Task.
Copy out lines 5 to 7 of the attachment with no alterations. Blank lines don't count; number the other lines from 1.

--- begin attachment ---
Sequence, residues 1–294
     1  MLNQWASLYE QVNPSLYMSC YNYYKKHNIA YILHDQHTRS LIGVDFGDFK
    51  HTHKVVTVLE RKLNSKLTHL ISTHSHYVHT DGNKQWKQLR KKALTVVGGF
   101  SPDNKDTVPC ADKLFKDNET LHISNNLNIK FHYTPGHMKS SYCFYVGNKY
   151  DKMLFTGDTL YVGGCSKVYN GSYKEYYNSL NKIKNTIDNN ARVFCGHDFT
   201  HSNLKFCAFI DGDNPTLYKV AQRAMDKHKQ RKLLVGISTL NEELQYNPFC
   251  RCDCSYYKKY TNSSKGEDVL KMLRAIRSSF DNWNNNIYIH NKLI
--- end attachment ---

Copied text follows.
   151  DKMLFTGDTL YVGGCSKVYN GSYKEYYNSL NKIKNTIDNN ARVFCGHDFT
   201  HSNLKFCAFI DGDNPTLYKV AQRAMDKHKQ RKLLVGISTL NEELQYNPFC
   251  RCDCSYYKKY TNSSKGEDVL KMLRAIRSSF DNWNNNIYIH NKLI